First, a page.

The philosopher Immanuel Kant developed the principle of rights theory that essentially states that each individual human has a unique dignity and worth that must be respected. The current collection of essays discusses human rights and dignity from a global perspective. This continues to be a universal concern, manifesting itself in numerous specific situations. If you are concerned about how dignity should be expressed in diverse settings, such as the Internet, issues touching women’s work and human trafficking, and the favelas of Rio de Janeiro, there are thoughtful thinkers who explore these topics.
Twenty-two essays are clustered under three headings: “Special Problems,” “Women and Children Issues,” and “Indigenous and Migrant Issues.” The editors state in the preface:
Their writings support Jack Donnelly’s (1984) comment in his analysis of cultural relativism that there is near universal agreement that certain things cannot be legitimately done to human beings and failure to act or even speak out against the grossest affronts to human dignity on the grounds of cultural relativism would constitute moral cowardice.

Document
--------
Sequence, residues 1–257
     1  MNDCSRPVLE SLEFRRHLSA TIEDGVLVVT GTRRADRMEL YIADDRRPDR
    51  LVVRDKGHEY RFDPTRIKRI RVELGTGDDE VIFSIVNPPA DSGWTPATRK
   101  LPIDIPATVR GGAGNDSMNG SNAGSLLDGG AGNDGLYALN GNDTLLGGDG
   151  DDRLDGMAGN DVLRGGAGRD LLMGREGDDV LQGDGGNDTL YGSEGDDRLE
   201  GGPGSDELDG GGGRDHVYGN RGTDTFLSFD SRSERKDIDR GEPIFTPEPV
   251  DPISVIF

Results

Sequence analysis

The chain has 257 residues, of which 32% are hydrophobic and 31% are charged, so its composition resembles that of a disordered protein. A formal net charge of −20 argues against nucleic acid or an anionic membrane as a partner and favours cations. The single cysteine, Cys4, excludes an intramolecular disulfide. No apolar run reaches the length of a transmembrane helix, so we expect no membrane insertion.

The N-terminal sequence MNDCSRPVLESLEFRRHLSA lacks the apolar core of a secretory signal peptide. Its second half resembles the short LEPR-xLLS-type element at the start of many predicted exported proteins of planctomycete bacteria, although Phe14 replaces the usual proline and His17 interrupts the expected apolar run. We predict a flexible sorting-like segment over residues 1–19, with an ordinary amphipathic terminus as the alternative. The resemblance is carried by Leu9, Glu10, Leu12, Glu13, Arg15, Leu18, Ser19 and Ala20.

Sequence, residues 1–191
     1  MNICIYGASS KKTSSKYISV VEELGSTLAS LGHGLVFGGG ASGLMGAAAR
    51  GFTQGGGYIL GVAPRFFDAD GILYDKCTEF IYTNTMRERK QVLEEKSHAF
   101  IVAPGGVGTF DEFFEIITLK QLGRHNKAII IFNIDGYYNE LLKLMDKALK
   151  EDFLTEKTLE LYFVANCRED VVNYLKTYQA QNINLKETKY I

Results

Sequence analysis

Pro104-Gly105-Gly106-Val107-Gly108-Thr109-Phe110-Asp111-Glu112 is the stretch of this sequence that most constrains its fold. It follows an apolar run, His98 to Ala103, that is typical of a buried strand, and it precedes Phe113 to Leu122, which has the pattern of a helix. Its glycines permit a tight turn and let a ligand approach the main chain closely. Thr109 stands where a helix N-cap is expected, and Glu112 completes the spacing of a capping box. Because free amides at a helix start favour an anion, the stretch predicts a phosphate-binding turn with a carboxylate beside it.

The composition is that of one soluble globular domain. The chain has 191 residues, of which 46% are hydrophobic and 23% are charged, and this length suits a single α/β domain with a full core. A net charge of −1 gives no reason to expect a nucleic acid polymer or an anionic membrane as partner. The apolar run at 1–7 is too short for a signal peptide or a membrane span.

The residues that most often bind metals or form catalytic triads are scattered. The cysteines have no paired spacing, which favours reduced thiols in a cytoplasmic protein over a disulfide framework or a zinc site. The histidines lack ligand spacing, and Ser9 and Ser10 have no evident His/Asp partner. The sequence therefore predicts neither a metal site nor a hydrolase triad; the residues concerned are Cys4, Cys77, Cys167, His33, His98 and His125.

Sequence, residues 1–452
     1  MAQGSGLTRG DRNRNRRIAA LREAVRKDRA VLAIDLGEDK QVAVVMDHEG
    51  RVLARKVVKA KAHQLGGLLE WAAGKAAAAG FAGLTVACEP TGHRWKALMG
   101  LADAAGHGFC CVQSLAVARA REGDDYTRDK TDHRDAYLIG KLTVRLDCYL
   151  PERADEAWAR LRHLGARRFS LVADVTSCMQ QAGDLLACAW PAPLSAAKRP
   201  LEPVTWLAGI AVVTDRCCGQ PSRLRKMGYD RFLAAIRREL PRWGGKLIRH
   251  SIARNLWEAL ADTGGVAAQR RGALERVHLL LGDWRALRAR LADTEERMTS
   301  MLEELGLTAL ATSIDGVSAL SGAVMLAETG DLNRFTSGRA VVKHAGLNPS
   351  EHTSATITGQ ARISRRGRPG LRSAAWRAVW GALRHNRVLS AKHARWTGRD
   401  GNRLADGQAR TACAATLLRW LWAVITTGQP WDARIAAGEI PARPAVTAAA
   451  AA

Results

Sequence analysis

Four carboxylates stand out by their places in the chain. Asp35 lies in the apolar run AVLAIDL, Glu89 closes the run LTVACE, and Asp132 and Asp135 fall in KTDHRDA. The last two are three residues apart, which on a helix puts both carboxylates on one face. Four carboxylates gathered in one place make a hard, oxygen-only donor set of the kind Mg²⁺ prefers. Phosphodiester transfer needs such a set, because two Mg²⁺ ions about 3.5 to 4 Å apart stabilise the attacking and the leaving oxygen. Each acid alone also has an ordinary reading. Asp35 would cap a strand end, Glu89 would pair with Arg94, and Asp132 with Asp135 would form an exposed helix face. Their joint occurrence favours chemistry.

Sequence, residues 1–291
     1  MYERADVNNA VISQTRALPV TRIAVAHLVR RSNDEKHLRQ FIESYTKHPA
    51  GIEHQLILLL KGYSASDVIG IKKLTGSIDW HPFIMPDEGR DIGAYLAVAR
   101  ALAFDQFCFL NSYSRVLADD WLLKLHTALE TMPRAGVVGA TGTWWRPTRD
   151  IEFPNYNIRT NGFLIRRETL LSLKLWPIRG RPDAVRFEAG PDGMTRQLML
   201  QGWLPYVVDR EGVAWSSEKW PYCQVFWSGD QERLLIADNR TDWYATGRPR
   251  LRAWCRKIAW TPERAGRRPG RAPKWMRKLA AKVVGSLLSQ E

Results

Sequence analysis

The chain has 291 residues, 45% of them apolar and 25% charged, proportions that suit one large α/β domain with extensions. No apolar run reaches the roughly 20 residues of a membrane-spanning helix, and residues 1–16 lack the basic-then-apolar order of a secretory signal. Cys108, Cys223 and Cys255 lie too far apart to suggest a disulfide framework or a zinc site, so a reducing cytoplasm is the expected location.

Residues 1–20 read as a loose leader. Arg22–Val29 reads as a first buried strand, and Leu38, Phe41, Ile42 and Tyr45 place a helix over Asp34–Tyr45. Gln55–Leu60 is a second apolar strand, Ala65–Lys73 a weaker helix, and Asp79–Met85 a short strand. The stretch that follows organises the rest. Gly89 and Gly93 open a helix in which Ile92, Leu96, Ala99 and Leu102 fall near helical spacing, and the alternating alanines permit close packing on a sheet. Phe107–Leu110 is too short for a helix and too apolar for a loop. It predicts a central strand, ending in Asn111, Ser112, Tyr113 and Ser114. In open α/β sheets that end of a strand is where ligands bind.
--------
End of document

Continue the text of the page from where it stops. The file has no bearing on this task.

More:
This work seeks to foster debate and a search for solutions by shining a spotlight on the daily lives of indignity that so many live. While possibly a depressing enterprise, it is also essential.
Each essay concludes with a list of references and a biographical sketch of the contributor. There is a comprehensive index covering all the essays. One concludes the readings by thinking that, surely, we humans can do better and must do better as our global world becomes increasingly interconnected. We will do better as knowledge informs power.